Race/Ethnicity May Not Accurately Predict Health-Related Quality of Life in Chronic Pain

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“Factors that covary with race/ethnicity may be the primary drivers of pain-related adjustment," concluded the authors.
“Factors that covary with race/ethnicity may be the primary drivers of pain-related adjustment," concluded the authors.

Age, anxiety, and socioeconomic status are better predictors than race and ethnicity for health-related quality of life (HRQL) outcomes in patients with chronic pain, according to a study published in Pain Medicine.

This secondary analysis included patients with chronic pain who participated in a previously studied electronic health record-based strategy for pain management (n=522). The investigators compared participants classified as non-Hispanic blacks (n=142), non-Hispanic whites (n=121), Hispanics (n=219), and “other” (n=40) to evaluate the association between race/ethnicity and HRQL in chronic pain.

Average worst pain, as reported on the Brief Pain Inventory-Short Form (BPI-SF), was 8.6 on a 0 to 10 scale. Overall, the scores for HRQL in this sample were worse than scores reported in the general population (physical: standardized T-score [T], 35.0; standard deviation [SD], 6.2; mental: T, 37.5; SD, 7.8; P <.001 for all).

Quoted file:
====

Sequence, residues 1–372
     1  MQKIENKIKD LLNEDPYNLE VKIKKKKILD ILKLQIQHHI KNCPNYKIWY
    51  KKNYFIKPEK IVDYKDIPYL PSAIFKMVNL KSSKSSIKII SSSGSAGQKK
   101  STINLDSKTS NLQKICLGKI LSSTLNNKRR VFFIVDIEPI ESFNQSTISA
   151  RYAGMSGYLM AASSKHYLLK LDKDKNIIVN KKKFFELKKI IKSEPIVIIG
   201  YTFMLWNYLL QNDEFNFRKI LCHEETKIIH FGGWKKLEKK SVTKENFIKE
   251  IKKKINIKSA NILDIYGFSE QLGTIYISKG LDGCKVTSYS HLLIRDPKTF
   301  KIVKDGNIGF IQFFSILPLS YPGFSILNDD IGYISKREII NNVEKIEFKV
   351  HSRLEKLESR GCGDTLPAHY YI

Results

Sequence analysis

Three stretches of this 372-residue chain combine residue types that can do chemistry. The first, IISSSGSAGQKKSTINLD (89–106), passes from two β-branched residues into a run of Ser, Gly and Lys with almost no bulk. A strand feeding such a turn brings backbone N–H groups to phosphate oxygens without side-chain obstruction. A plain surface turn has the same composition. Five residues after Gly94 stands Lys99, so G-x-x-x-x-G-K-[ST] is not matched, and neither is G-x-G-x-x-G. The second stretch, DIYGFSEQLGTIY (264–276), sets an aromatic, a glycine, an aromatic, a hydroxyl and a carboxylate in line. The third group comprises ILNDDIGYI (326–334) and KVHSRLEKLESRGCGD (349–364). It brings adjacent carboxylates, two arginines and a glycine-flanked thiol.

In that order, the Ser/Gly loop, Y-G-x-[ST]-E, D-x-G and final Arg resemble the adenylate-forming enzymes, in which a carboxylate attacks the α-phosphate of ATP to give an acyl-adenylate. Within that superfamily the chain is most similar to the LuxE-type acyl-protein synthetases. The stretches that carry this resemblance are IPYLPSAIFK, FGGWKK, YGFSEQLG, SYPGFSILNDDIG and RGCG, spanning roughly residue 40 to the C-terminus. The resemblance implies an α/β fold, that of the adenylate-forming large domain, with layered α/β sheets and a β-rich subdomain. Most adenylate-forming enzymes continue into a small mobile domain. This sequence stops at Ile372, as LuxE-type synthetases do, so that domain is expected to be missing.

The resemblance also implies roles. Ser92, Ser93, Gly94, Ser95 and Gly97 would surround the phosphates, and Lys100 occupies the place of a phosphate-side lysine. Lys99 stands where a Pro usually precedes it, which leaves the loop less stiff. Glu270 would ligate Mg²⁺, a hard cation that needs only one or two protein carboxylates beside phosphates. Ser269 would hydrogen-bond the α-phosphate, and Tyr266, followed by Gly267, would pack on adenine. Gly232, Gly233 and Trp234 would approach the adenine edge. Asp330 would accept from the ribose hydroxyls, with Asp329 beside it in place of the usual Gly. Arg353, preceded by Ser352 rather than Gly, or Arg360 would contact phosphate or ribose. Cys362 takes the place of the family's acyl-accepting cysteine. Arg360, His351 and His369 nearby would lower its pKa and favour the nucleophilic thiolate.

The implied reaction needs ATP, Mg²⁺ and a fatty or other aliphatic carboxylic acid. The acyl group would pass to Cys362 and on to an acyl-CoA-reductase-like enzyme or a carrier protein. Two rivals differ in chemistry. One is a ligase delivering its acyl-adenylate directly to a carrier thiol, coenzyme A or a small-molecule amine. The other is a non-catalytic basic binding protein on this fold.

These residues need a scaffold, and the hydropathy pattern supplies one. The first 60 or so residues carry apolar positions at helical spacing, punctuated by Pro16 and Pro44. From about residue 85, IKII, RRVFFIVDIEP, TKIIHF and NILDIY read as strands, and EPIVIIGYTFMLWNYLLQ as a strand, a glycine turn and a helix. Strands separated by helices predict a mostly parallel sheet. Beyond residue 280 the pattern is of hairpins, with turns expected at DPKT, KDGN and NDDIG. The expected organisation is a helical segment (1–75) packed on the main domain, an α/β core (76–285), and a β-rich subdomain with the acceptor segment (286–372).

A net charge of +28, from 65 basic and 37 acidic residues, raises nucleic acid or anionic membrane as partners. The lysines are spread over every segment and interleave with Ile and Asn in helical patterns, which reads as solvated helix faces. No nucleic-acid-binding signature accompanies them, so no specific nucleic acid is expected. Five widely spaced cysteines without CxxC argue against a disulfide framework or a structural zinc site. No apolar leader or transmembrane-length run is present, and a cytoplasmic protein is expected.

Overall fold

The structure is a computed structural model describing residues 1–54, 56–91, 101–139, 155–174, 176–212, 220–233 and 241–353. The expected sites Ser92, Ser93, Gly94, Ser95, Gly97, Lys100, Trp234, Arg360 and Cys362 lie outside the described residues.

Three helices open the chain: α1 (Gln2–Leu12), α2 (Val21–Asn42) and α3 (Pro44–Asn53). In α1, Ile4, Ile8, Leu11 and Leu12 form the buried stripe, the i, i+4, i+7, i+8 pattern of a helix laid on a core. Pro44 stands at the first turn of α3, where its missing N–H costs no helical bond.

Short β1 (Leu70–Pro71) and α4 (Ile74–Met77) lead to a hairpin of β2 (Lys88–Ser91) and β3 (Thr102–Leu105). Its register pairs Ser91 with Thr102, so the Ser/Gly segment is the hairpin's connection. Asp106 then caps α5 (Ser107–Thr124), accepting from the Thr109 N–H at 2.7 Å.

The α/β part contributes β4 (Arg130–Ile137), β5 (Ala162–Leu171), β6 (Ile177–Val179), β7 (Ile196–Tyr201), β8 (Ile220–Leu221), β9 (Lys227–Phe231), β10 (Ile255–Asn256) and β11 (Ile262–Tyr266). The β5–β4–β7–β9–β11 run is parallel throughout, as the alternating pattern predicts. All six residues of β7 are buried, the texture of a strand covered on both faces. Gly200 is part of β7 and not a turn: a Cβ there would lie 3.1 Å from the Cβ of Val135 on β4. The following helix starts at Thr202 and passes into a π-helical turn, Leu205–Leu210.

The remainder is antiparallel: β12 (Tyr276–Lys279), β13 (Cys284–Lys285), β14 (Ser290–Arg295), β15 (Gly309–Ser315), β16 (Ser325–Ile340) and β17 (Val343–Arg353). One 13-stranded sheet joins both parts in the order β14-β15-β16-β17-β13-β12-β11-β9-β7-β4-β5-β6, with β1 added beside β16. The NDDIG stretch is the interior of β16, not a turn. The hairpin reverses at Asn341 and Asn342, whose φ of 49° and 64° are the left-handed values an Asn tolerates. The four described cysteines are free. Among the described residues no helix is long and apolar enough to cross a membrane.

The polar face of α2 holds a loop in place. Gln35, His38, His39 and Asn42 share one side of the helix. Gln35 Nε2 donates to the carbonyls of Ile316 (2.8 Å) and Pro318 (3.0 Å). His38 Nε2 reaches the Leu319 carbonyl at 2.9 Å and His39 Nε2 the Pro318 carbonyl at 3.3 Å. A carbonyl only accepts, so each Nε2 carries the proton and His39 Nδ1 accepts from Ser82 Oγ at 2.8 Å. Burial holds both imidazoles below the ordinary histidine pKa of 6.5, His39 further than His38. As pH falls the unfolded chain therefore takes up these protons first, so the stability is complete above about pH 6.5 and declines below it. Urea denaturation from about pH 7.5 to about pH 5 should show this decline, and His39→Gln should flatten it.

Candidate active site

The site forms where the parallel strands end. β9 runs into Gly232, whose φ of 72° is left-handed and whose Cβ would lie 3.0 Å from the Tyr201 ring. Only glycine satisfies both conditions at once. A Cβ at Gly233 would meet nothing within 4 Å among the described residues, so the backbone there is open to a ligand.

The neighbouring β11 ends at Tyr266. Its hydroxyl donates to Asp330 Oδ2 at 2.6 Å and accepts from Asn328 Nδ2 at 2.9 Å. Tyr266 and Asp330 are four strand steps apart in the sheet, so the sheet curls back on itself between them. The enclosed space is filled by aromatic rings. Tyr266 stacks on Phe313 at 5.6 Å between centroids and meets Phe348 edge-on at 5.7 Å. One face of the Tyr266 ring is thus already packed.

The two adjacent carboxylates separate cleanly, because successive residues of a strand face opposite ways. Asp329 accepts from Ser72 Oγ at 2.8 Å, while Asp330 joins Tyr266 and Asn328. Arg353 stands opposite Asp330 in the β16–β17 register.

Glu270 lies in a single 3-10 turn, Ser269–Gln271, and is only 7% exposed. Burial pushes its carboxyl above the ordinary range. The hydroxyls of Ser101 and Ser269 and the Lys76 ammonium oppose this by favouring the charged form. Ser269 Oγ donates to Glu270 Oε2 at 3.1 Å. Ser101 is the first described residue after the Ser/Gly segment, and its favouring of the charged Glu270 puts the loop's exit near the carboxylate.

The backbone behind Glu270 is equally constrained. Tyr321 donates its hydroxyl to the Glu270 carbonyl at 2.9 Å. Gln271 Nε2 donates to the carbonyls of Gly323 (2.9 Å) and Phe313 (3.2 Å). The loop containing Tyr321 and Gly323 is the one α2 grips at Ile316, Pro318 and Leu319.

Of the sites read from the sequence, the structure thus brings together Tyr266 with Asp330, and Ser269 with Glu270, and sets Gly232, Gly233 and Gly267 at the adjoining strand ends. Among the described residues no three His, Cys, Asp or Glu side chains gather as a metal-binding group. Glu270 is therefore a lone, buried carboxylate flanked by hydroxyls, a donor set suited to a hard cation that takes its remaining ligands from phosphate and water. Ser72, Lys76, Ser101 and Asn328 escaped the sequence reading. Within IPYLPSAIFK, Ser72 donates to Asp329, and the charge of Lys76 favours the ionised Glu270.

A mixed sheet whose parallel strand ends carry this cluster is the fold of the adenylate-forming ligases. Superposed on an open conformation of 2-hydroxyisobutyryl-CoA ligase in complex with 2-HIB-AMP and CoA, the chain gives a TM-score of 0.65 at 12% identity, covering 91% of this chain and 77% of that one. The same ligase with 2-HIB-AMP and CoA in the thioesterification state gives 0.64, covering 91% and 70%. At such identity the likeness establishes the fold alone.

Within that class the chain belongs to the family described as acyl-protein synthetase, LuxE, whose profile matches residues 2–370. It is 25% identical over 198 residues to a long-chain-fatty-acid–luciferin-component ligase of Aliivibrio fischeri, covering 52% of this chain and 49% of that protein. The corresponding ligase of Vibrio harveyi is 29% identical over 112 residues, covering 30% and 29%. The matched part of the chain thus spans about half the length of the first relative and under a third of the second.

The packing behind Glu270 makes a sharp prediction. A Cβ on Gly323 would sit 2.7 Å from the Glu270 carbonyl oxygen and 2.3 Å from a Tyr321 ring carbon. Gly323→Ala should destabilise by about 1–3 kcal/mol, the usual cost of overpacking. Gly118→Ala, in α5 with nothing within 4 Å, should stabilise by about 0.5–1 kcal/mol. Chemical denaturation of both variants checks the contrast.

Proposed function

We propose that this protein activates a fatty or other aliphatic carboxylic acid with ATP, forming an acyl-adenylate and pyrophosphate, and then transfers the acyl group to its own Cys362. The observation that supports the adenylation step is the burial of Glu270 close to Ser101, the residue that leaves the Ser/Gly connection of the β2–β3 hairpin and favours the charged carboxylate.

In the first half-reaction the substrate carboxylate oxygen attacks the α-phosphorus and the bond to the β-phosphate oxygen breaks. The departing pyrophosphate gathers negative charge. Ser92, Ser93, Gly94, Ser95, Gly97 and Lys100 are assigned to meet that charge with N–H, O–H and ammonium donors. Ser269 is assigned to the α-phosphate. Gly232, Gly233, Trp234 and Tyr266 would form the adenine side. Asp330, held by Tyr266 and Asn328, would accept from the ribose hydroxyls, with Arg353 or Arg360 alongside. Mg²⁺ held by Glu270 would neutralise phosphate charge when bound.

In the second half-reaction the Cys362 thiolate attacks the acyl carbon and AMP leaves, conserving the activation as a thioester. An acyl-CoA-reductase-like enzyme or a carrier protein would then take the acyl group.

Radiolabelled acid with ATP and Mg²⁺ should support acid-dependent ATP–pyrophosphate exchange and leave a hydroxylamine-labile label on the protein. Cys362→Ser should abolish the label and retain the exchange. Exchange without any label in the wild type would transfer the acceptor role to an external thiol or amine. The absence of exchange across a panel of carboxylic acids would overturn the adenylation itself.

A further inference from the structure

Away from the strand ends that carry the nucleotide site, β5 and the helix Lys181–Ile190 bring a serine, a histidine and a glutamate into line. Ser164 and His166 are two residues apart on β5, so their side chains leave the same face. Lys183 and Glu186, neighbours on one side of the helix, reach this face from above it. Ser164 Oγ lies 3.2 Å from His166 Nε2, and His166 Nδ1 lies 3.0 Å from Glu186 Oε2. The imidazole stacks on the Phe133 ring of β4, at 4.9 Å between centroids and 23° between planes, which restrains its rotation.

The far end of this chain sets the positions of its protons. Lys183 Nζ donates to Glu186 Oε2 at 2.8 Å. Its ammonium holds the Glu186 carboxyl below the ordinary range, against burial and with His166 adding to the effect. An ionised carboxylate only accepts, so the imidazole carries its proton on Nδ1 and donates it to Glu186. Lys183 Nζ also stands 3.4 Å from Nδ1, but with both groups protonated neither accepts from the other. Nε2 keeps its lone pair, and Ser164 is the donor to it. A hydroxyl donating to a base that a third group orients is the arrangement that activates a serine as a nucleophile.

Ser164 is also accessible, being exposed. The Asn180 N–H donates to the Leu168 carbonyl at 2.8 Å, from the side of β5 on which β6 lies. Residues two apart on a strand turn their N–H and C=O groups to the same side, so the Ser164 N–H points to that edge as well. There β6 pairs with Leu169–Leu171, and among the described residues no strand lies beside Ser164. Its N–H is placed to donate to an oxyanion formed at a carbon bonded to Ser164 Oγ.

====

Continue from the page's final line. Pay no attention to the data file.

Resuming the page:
According to a multivariate analysis, annual income (β coefficient, 2.775; P =.002), anxiety symptoms (β, -0.132; P <.001), pain interference (β, -0.150; P <.001), physical HRQL (β, 0.288; P <.001), and depressive symptoms (β, -0.237; P <.001) accounted for 46.5% of the variance in mental HRQL.

Posthoc analyses and analyses of variance found no significant association between race and mental HRQL (P =.125). In low-income non-Hispanic black participants, there was no significant association between race and mental HRQL (P =.719) or physical HRQL (P =.161). Similarly, no associations were found between Hispanic race and mental HRQL (P =.747) or physical HRQL (P <.001).

Additionally, physical HRQL was associated with age (P =.012) in low-income patients, and mental and physical HRQL were associated with pain interference (P <.001 for both) and anxiety (P <.001 for both) in this population.

In this analysis, the researchers did not account for specific psychosocial and medical factors (eg, baseline comorbidities, patients' pain beliefs, social support) that may have influenced HRQL. In addition, because women comprised the majority of the cohort (70.1%), these findings may be difficult to generalize across the male patient population.

The finding that race/ethnicity are not reliable predictors for physical and mental HRQL “raises important questions about the extent to which factors that covary with race/ethnicity may be the primary drivers of pain-related adjustment,” concluded the investigators.

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Reference

Dhingra L, Schiller R, Teets R, et al. Race and ethnicity do not clinically associate with quality of life among patients with chronic severe pain in a federally qualified health center [published online May 10, 2017]. Pain Med. doi: 10.1093/pm/pnx040

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